Too ill to see him, nud yet well enough
to brave this tempest !
Sho went down tho steps clad in a
gossamer, and with her umbrella up
an umbrella big enough for two. Sho
must havo had tho limbs of an Atalan
ta to movo with such equable graco
and strength, for tho wind tried its
wickedest to puff out that ugly, ulster
shaped thing and to make her fine,
slender outline look fat. Ho caught a
glimpso of it good stout bootr seeming
all thu daintier for its stoutness. And
watching and mentally taking in all
tho fine points, ho kept up n scattering
firo of ejaculation: "She'll get her
deatlof cold." "Was there ovei such an
unreasoninc, unprognosticatablo crea
ture as sho ?"
Sho disappeared, fluttering like a
loose-Bailed pirate craft, round tho cor
ner. Ho knew just about her course when
ho saw her turn to tlio right and bend
to meet tho blast, which was directly
in her faco.
Ho rallied his senses as ho lost sight
of her. Bang into the chair wont tho
book ho not even pretended to read j
up tlio stairs, two steps at a time, ho
sprang, and presently returned arrayed
in his I'Miuburg great coat, and leisure
ly pulling a uowly-lighted cigar.
A good observer would havo noted
an hour boforo that tho weather was
likely to clear. There was a pale, vol
low streak in tho North, and a tenden
cy to lift and tako flight on tho part of
tho clouds. Theso signs wore at tho
bottom of Miss Shepherd's venture, but
Sir. Manchester's perceptions' had been
too long dulled by his intivo smokes
for him to havo delected tho imminent
Consequently he was greatly nstou.
ishcil when, upon stepping along tho
veranda and spreading his, umbrella, ho
found tho rain had entirely ceased. As
his friends well know, foremost among
mo things ho hated there was a long
list of foremasts was an umbrella. So.
on finding ho did not need one, ho
recklessly set his down in tho rack in
thu hall and sauntered indifferently
Ho did not directly follow Miss
Shepherd's route, but struck off into n
street that was sure to intercept her.
After much readjusting of hat and
coat ho finally settled down to genuine
hard work in meeting and resisting tho
It was a trust v uale. It smelt of thn
white cans that were toarlntr alonor the
shore, and of tho Norway pines, blaok
with wet but unrumplcd, that clothed
Ho L'avo no his oltar at onco ah Im.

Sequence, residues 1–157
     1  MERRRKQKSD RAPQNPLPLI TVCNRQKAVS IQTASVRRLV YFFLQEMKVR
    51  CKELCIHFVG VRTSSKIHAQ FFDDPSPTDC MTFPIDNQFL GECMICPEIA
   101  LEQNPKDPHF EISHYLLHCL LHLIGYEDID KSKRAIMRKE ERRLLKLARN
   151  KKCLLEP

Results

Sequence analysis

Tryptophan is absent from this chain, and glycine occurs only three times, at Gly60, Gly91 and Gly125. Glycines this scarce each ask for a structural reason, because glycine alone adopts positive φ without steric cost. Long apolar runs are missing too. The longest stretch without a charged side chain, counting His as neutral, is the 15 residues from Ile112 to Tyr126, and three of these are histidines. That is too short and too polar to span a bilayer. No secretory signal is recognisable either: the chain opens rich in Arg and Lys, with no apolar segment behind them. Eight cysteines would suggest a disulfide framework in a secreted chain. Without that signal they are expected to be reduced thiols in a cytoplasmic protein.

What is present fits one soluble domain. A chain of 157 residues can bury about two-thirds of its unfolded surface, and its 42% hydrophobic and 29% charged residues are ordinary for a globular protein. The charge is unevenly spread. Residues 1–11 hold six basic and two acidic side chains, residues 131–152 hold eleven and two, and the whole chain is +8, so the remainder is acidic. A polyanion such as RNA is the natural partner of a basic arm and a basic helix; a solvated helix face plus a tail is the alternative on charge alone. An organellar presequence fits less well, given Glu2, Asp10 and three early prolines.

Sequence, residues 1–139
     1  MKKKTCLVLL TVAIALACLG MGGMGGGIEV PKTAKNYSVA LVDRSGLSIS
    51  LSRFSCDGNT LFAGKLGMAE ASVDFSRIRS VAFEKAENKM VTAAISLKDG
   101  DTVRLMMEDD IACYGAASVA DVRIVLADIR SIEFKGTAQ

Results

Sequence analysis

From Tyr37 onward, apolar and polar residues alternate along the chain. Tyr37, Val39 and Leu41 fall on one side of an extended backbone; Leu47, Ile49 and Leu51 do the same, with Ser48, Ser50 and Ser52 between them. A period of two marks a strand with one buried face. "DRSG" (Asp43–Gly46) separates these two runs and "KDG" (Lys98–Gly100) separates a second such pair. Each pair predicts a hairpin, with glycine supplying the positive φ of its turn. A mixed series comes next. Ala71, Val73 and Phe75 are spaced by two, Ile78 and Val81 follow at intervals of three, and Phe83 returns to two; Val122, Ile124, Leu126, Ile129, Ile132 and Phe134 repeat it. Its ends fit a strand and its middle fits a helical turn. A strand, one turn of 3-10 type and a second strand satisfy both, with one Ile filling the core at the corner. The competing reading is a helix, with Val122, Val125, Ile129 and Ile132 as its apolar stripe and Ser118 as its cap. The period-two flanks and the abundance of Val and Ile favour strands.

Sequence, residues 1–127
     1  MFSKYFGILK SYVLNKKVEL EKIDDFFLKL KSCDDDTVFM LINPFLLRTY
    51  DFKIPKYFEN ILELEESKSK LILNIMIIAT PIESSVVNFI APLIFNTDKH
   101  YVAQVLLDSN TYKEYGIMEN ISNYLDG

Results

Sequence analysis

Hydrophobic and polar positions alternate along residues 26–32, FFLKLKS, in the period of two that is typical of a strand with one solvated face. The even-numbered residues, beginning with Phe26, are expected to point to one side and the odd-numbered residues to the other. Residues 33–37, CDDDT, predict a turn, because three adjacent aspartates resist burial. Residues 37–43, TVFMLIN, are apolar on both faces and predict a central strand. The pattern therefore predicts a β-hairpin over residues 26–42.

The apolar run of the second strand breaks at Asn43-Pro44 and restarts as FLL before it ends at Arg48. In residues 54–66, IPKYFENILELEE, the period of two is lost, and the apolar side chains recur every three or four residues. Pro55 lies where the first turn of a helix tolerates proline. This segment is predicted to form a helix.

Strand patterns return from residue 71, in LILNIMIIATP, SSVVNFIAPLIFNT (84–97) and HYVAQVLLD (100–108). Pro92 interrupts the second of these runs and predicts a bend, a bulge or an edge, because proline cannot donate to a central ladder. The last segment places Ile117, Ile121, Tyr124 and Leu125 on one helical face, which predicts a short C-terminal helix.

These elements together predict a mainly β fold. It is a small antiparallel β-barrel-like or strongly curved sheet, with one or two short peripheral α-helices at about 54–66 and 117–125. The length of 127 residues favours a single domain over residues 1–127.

praolioablo and flung it avay. Ho
was in sight ot his wlll-o'-tho-wisp, for
BLOOMSBURG, PA., FRIDAY, AUGUST 29,
she, not offering as great a bulk of re
sistnnco as himself, had got on famous
ly against tlio opposing force
Sho hnd shut her umbrella, but ns
sho could not keep her gossamor with
in any decorous limits, sho looked very
much liko a pedestrian balloon, and
Manchester laughed to himself nt
tho way the olemonts dnred to trillo
with hor grace. A littlo refrain burst
out in his head :
"I should call her I should name her,
Ilninndryad of the Caouchouc 1"
It was inglorious ai to rhymo ot
measure, but utilitarian as to quality,
as beSlted a commercial man.
Now ho nut forth his muscle. Ho
loft off walking ho strode. Sho was
flapping along tho beach in ndvauco
with a streaming blue veil out for a
pennon. But sho did keep hor feet ad
mirably. Dina couldn't havo dono
better if alio had boon forced into pet
ticoats. Still ho gained upon her sensibly.
Ho found superabundant zest in some
thing. Ozonol Lung expansion T Or
was it tho tantalizing, nevcr-twico-aliko
woman who eluded whilo sho led
tho woman ith "less common sonso
than any ho had over known t"
Zest there was at any rate, that
brought a ruddy color to his faco clear
ed away tho discontent of tho morning
from his spirits.
Ho had quito overtaken her before
sho know of tho pursuit.
"Let mo carry that umbrella," ho
said, without preface.
"If you pleaso it holds several
pounds of Water nnd I am tired of it.''
"I did not start till the rain was
over," an accent of self-righteous com
plalsanco on tho personal pronoun.
"I was out iust in time for tho final
dash," and sho delivered over to him
her water-soaked burden.
Ho shook it out, refolded it, twisted
it into as closo compass as possible,
buttoned it, and then used it as a cane.
"Is this tho way to Board-of-Trado
Glen ?" sho asked with inisch'ovioas
"Quito the opposite entirely oppo
site. But shall wo go thorot'" halt
ing' and half eager to carry out his first
"O, no. I think I prefer tho open
beach. It would be liko a stroll under
a street sprinkler to walk in tho woods
"How is the headache, Miss Shep
herd t" moving along gravely aftor
this rob tiff.
A sudden expression swept over hor
faco that looked to him liko guilt. Ho
directly felt a suspicion, half angry,
half helpless, that ho had been put off
all day from seeing her by a 1 mere
hackneyed plea a sort of feminine
Before sho could answer, ho added :
"O, it has served its purpose, probably,
and died, liko any other ephemera.''
To havo him crabbed usually amused
Miss Shepherd ; to havo him ironical
trozc ner into indifference ; but this
direct assumption that she had been
shamming gavo her an unwonted
sense of pain.
Tho truth was, she had walked in
tho morning with tho headache, and
had sent him a mcssago to that effect
when ho desired to seo hor at an un
reasonably early hour. But it passed
off, aud bIio had quite forgotten that it
over lud been.
"Do you think a headache part of
my stock" in trade t" sho asked with